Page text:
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The Filmaholic Reviews: Don't Breathe (2016)

Posted on the 26 August 2016 by Filmaholic Reviews @FilmaholicRvews

The Filmaholic Reviews: Don't Breathe (2016)
   Don’t Breathe achieves something that most thrillers and horror films do not these days. It is a film with no nonsense or filler in it. It gets straight to the point, and pushes through without getting distracted by anything else. Despite its straightforward approach however, it somehow subverts expectations. Think how rare that is in a film. Yet, director Fede Alvarez somehow pulled it off.    Don’t Breathe is a lean, mean, and terrifying thriller that grabs you by the nuts and squeezes them for 88 minutes. The title is apt. I found myself holding my own breath for certain sequences of the film without realizing it, as if I were the characters onscreen. Forget paranormal stuff, this is true horror.
   The film begins in the decaying slums of Detroit. Three young thieves, Rocky (Jane Levy), Money (Daniel Zovatto), and Alex (Dylan Minnette) break into homes and steal valuables so they can get enough money to move to California and start anew. Alex’s father happens to own a security company that sets up house alarms, which means Alex has access to the keys and codes. The trio get word of a man who supposedly has a small fortune in his home. The kicker? He is blind, making him the perfect target, or so they think. Without spoilers, let’s just say that these youngsters get a lot more than they bargained for. 

The Filmaholic Reviews: Don't Breathe (2016)

Three blind mice...see how they run...

   While technically a thriller, Don’t Breathe is one of the most effective horror films in years because of its tight and clever script, and because it utilizes horror filmmaking techniques in ways more creative than the standard horror movie. The premise is simple enough, yet it is enough to build on expectations and then subvert them. With that being said, the premise is also pretty screwed up. A blind man would logically be the perfect victim, one would not expect that he would be able to turn the tables. This is similar to the excellent horror/thriller Hush (2016), which was about a deaf and mute woman being terrorized in her own home. That is also pretty screwed up. 

The Filmaholic Reviews: Don't Breathe (2016)

By the way, I highly recommend Hush. It is terrifying.

The premise of Don’t Breathe is also grounded in reality to an extent. So many horror films are about ghosts, demons, zombies, or chainsaw-wielding psychos chasing dumb teenagers, and these films are tiresome because they break our suspension of disbelief. Don’t Breatheis about a home invasion, which is a very real threat, so it is easier to buy into it because it feels real. While the film does serve up some nasty twists that threaten to unravel the story’s credibility, by then, the audience is so invested in the film and the characters that they want to see what happens next. Some of the twists are also delightfully sick enough to satiate the most hardcore or horror fans, and possibly make everyone else incredibly uncomfortable. It is also nice that the actors are competent in their roles, and get just enough backstory and character development to be effective throughout the film. Jane Levy (the Evil Dead remake) is Rocky, who is sick of her dead-end life at home. Here, she showcases the same acting chops that made her so effective in Evil Dead, especially when the home invasion goes horribly wrong. I would love to see her in more roles. Daniel Zovatto (It Follows) is Money, Rocky’s high-and-mighty douche of a boyfriend. It’s hard to take this character seriously since Zovatto hams it up quite a bit. Dylan Minnette (Prisoners) is Alex, the wimp of the group who tagged along. His character isn’t deep, but he is a genuinely sympathetic character. The true star of the film however, is Stephen Lang (Avatar) as the Blind Man. He has very little dialogue, but he is an intimidating force on screen, and certainly creepier than any ghost I’ve seen in a movie. Perhaps the biggest reason why Don’t Breathe is so terrifying is because of the film’s excellent use of sound, or rather, the lack thereof. Some sequences of the film use long stretches of silence to emphasize the tension, and this results in the film living up to its title. Total silence in a film is rare, especially in horror films where the soundtrack plays an important part in the film’s atmosphere. Often, the soundtrack is also used to cue scary moments such as jump scares. (SOME MINOR SPOILERS) Director Fede Alvarez actually blends silence with jump scares to play the audience and generate nail-biting suspense. One sequence has the main characters attempting to flee the house silently, when the Blind Man pops up unexpectedly behind them, forcing quick gasps from the characters and then immediate silencing of those gasps, lest the Blind Man hear them. Funny thing is that the same thing happened to the audience. The jump scare initially forced a cry of surprise from some audience members, but they immediately went silent to match the characters onscreen. (END OF SPOILERS)The film’s setting is also simple yet meticulous. The Blind Man’s home is filled with claustrophobic, mazelike hallways and is located in a rundown neighborhood. Basically, our protagonists are completely isolated and trapped in this hellhole, making for a pure cat-and-mouse thriller. Long story short, Don’t Breathe is a near perfect horror experience. Don’t be fooled by the simple story. Don’t Breathe lays a familiar foundation, then pulls the rug from underneath the viewer numerous times. The film is distilled to pure terror, and one might find themselves breathless from holding their breath during the film. Without saying anymore, I implore you to go see this film immediately.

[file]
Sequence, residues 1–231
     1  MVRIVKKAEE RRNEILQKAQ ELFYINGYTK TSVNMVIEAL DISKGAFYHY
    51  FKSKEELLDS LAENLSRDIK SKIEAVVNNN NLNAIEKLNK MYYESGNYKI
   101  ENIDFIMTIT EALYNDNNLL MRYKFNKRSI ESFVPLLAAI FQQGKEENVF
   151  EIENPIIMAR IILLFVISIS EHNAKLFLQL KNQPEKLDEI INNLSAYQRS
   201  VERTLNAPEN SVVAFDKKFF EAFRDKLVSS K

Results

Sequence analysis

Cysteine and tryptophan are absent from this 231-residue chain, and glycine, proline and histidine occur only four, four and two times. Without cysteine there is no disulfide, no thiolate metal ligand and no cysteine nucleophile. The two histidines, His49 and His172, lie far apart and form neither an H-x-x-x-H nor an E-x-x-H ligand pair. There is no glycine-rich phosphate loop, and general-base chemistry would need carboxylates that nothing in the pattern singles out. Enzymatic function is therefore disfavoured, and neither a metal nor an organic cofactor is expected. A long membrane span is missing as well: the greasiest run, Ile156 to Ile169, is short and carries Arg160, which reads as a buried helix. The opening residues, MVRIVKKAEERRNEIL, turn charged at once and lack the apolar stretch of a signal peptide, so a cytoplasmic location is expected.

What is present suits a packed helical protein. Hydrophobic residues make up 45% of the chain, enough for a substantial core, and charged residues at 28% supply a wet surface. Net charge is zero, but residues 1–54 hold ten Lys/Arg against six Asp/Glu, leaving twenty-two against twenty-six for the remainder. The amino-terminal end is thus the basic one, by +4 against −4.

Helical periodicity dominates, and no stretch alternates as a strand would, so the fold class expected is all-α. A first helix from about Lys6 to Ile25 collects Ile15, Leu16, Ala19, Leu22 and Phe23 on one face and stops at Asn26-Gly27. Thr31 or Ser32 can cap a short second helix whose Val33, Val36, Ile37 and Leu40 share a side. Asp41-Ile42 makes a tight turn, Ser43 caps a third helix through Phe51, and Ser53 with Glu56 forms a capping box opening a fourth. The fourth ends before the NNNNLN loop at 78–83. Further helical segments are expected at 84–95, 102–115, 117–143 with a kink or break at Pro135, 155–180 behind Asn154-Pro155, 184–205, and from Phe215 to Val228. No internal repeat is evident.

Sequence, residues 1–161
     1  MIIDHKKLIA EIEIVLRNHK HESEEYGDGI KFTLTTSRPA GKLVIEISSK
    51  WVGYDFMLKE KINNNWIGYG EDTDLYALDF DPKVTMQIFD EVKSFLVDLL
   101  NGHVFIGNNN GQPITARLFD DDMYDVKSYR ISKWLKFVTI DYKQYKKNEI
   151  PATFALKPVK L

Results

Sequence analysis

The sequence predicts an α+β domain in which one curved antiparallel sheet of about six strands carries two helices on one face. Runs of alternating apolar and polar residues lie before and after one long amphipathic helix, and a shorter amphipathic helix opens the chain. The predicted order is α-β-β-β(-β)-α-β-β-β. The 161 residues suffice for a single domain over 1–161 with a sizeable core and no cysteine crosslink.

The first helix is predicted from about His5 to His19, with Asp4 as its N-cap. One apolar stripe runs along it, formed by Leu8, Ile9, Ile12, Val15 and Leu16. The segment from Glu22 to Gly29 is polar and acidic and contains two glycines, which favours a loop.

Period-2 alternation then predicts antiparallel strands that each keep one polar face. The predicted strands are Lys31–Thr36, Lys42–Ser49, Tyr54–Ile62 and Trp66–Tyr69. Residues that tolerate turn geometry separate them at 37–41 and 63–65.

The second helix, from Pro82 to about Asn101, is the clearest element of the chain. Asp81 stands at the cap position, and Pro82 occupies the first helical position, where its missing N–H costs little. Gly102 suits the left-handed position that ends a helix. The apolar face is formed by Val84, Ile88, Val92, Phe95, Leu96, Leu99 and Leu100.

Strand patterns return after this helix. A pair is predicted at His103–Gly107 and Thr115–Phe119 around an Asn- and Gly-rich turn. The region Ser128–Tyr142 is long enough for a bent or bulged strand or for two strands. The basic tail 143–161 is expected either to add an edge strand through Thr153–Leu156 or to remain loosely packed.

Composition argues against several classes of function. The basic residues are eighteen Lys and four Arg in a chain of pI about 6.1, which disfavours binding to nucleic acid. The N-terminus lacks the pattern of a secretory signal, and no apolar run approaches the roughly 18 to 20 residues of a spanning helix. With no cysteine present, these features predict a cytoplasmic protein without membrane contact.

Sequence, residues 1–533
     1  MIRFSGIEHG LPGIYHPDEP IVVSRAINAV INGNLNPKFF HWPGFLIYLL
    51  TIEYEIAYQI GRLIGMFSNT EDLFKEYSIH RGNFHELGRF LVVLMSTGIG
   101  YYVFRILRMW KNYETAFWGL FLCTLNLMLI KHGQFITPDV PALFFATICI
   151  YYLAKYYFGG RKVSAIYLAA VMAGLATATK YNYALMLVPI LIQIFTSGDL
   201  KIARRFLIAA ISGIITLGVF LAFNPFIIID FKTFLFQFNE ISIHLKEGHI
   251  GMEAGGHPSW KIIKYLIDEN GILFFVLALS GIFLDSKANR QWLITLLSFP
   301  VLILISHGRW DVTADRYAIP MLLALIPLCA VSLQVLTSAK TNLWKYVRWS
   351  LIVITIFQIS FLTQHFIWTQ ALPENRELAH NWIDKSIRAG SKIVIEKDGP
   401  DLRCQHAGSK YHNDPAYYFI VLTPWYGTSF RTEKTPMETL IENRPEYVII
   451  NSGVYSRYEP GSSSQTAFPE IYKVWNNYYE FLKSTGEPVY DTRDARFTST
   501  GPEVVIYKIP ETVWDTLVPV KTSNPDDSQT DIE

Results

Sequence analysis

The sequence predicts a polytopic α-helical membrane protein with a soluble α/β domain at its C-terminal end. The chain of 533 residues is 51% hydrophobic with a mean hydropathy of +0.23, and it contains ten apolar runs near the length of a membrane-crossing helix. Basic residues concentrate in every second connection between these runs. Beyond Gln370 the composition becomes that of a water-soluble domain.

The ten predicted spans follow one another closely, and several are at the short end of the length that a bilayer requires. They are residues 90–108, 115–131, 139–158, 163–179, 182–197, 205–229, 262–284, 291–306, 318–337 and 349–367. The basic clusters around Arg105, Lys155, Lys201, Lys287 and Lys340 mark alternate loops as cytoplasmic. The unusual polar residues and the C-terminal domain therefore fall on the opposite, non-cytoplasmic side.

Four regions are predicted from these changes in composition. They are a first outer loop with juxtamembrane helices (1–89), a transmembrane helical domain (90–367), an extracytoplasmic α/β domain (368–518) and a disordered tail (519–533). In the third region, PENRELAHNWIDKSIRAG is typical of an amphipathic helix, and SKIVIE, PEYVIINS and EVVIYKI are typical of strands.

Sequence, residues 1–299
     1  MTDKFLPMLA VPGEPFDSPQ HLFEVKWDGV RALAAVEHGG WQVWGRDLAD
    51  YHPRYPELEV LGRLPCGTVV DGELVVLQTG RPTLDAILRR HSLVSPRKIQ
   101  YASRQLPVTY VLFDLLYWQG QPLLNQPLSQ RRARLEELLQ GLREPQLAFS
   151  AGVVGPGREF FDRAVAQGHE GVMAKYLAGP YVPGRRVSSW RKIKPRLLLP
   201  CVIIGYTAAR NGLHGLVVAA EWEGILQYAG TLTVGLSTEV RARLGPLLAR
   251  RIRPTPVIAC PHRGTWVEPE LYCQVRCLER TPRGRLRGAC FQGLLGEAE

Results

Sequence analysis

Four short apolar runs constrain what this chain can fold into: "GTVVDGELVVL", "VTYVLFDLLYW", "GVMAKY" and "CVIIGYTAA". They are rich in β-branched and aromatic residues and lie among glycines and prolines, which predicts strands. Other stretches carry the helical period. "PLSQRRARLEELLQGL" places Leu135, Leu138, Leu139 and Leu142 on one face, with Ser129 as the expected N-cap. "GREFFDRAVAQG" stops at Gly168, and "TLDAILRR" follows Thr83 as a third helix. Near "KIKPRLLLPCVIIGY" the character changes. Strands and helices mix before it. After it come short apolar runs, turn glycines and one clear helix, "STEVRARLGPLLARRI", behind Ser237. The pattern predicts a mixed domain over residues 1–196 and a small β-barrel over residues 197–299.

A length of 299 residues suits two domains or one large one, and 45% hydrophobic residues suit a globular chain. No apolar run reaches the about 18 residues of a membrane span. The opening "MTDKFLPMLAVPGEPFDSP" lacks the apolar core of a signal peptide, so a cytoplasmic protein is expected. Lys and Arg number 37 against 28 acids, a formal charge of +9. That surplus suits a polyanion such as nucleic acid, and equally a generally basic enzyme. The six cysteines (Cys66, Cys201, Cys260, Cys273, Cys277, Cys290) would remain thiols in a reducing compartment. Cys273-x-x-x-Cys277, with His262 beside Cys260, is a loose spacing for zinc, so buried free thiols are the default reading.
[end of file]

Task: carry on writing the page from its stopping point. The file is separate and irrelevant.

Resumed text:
©Filmaholic Reviews, 2016

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